Why is malignant tumor in the middle and late stages as soon as it is discovered?

Doctors distribute cancer prevention "maintenance manual" --

  Check out the "timetable" for nine common cancer screenings

  Did you know that cancer is no longer incurable?

Nearly half of all cancers are preventable, and about one-third of cancers can be cured by early detection through screening.

And why are many people diagnosed with cancer in the middle and late stages?

Today, I would like to introduce a special "maintenance manual" to you, which is closely related to our own physical health - the screening and prevention of common malignant tumors.

  Why does cancer come to you without a genetic history?

  Malignant tumors are abnormal proliferation of normal cells after gradual mutation.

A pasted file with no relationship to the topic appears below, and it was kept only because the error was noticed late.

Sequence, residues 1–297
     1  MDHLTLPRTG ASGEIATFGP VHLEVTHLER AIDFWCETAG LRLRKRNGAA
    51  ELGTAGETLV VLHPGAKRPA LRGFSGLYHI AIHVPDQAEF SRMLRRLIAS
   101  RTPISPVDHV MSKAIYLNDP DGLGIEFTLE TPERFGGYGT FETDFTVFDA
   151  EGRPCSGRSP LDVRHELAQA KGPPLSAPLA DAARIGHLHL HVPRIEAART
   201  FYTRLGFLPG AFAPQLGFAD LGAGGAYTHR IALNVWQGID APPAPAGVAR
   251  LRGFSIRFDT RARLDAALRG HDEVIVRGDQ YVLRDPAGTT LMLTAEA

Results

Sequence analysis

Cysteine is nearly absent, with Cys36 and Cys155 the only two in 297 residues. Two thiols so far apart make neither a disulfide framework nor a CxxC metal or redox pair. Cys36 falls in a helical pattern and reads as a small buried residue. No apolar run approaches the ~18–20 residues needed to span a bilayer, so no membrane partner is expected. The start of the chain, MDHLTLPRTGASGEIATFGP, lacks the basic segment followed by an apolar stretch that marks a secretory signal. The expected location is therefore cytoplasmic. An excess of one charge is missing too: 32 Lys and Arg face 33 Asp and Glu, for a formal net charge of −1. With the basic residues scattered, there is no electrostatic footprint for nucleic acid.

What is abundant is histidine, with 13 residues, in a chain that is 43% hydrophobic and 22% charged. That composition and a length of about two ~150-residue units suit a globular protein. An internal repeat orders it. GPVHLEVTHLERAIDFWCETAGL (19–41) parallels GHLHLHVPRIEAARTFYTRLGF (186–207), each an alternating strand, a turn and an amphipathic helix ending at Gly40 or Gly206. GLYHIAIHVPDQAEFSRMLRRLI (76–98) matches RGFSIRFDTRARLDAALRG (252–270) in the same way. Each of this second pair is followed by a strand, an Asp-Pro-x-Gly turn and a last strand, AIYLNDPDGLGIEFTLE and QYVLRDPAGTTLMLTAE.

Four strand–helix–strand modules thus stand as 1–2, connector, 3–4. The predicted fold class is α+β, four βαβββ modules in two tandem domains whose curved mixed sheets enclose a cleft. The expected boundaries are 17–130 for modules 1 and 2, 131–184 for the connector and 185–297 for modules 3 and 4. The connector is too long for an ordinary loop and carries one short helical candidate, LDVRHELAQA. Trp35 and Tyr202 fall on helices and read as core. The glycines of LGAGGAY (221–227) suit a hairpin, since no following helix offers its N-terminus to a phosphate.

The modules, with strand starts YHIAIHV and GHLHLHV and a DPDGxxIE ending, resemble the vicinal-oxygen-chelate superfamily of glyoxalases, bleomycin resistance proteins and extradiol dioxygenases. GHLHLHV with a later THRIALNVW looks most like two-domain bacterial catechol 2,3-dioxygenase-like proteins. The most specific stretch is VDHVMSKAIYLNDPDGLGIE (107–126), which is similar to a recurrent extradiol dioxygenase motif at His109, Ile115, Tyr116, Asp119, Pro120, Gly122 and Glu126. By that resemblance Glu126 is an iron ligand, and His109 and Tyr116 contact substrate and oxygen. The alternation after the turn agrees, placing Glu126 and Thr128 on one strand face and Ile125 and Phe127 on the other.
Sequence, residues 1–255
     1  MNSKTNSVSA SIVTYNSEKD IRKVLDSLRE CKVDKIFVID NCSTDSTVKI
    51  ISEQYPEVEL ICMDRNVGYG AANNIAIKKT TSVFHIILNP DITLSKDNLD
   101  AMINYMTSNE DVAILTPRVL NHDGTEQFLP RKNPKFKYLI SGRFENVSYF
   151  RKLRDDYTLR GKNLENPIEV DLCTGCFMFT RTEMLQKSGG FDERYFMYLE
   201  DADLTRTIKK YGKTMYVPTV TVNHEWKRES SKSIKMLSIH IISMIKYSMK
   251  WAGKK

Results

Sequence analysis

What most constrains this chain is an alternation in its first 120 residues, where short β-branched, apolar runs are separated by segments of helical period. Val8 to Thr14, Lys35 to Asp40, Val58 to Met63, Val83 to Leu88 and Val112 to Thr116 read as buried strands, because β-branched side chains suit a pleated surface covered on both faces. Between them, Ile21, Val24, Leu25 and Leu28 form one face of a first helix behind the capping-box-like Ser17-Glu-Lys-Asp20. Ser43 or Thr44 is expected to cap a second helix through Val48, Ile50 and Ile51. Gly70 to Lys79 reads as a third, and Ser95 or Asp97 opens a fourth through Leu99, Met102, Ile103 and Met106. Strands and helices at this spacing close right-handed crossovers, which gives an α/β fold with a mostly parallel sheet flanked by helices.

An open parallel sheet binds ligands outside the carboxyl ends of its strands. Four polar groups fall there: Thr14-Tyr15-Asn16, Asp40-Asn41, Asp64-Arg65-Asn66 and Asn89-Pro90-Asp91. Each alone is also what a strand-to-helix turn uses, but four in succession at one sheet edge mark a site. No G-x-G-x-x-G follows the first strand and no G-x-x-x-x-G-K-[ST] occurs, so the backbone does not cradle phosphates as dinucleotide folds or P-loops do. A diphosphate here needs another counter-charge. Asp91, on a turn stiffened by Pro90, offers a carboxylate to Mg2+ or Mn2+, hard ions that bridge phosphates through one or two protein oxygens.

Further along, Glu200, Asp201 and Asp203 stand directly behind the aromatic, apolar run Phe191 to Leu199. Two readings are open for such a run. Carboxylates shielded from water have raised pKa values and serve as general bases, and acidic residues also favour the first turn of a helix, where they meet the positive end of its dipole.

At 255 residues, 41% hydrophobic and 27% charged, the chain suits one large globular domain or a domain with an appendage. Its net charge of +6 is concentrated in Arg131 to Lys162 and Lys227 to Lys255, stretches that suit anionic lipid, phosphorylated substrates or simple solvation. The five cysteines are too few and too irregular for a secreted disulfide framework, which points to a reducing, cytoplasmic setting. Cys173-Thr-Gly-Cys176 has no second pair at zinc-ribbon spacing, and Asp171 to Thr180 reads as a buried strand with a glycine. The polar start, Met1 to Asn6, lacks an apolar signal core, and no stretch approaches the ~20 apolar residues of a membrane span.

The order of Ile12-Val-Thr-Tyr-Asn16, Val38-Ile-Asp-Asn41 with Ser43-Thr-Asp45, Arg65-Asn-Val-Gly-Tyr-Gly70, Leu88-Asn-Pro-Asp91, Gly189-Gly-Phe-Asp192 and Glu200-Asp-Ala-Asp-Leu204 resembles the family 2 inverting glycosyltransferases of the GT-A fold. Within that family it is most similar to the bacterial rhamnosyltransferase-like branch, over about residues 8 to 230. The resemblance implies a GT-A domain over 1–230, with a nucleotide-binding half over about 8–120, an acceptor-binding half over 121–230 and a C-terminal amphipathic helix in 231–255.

In addition to the continuous growth of the tumor itself, this abnormal hyperplasia is also manifested as invasion of adjacent normal tissues and metastasis to other parts of the body through blood vessels, lymphatic vessels and body cavities, and the occupation of normal tissues and organs by enlarged tumor tissue. Destruction, resulting in impaired organ function, eventually leading to organ failure, taking the patient's life.

  Some people may ask: "No one in the family has cancer, why does malignant tumor find me?"

  People's cognition of tumor pathogenesis has risen from the single factor theory of physical carcinogenesis, chemical carcinogenesis, virus carcinogenesis, mutation carcinogenesis, etc. to the comprehensive carcinogenic theory of multi-factor and multi-step.